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Craig Engels staying positive despite the postponement of this summer's Olympics in Tokyo

Craig Engels staying positive despite the postponement of this summer's Olympics in Tokyo

Camel City Elite Invitational

Craig Engels poses with West Forsyth's Kelly Smith after the Camel City Elite races in February at the JDL Fast Track.

Craig Engels doesn't consider himself a very patient person, but in the case of his dream to be in the Olympics he can wait.

“It’s a bummer for everyone involved, but there are bigger things happening to people than this,” Engels said about the postponement of the 2020 Olympics in Tokyo.

The International Olympic Committee and Tokyo organizers announced today that the Games would be held July 23-Aug. 8, 2021.

Engels, 25, a Pfafftown native and Reagan graduate, is one of the favorites to make the U.S. Olympic team in the 1,500 meters. He is the reigning national champion at that distance, having edged 2016 Olympic gold medalist Matthew Centrowitz at the 2019 USATF outdoor championships.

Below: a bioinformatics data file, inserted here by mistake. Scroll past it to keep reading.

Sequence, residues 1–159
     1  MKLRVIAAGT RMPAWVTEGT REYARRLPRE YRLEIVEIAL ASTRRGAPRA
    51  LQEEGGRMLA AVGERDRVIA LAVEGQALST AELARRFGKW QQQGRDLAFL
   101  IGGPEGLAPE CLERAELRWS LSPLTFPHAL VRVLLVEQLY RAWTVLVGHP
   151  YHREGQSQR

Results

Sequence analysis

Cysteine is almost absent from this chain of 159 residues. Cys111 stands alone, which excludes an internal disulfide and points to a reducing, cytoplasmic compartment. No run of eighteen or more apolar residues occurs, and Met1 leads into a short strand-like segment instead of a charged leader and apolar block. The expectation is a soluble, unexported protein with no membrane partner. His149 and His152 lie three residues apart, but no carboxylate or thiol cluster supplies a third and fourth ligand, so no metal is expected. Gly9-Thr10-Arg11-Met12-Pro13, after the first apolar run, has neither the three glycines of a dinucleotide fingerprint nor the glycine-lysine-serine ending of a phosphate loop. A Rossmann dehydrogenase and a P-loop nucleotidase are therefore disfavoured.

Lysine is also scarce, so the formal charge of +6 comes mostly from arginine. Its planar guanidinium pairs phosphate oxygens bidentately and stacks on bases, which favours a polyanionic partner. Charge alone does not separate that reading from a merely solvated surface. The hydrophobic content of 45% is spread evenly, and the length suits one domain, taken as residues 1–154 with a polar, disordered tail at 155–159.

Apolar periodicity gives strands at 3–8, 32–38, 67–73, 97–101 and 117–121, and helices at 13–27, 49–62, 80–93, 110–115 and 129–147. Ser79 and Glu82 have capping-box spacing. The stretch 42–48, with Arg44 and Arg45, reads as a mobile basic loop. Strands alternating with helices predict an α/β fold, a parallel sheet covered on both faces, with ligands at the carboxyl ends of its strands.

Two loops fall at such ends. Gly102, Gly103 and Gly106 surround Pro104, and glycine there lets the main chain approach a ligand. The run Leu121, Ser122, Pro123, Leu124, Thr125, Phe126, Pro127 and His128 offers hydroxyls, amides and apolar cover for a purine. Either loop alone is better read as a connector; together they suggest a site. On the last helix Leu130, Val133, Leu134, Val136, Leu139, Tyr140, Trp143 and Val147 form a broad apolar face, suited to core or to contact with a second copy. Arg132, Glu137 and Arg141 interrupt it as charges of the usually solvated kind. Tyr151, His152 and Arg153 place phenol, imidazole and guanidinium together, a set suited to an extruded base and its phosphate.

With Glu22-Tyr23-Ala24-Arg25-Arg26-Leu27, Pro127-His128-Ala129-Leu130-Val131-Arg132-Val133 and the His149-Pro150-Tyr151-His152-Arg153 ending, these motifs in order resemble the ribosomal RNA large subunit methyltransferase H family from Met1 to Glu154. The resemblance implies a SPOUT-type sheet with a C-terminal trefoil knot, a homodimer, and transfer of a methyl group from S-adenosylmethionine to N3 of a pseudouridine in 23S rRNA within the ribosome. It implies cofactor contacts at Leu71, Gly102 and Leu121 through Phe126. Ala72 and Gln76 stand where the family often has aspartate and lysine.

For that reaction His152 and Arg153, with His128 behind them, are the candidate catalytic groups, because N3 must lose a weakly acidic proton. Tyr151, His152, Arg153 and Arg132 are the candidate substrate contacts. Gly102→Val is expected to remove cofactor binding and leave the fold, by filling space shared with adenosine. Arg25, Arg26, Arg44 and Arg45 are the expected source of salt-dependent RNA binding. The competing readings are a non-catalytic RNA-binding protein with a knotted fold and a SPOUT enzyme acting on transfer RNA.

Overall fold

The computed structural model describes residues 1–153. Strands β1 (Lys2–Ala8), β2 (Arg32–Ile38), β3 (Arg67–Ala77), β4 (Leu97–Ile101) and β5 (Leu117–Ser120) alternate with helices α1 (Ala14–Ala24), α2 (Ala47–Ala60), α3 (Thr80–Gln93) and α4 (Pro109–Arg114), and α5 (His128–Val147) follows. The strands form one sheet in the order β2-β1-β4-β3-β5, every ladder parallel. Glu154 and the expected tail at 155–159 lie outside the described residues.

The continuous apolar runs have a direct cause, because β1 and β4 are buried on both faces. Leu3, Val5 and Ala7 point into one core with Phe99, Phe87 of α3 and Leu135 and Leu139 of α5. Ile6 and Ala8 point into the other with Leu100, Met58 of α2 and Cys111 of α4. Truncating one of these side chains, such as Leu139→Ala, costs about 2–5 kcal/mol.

The U.S. Olympic trials, which have not been rescheduled yet, were originally set for June 19-28, 2020, in Eugene, Ore.

Engels and everybody else are in a wait-and-see mode as the COVID-19 pandemic has shut down just about everything.

The good news for Engels, who is living and training in Portland, Ore., is he is still running for a Nike-sponsored team. He’s also still being coached by Pete Julian, a former coach of the former Nike Oregon Project.

“I’m thankful to still be employed and able to do my job during this time,” Engels said about being able to continue to train and race if competition can resume later in the year.

Engels, who ran at N.C. State and and Mississippi and earned All-America, is staying positive about the Olympics being postponed.

“I’m going to stay focused on making the Olympics next year and get stronger and be more fit than I ever have before,” Engels said.

Engels said he’s doing his part to stay inside except for his training runs. He hopes that others are at least getting outside to get some sort of exercise but to do it with social distancing.

“It’s a strange time,” he said, “but there is no better chance to get outside and exercise for the average person. Hopefully after all of this is done, the world is a healthier place.”

jdell@wsjournal.com

(336) 727-4081

@johndellWSJ

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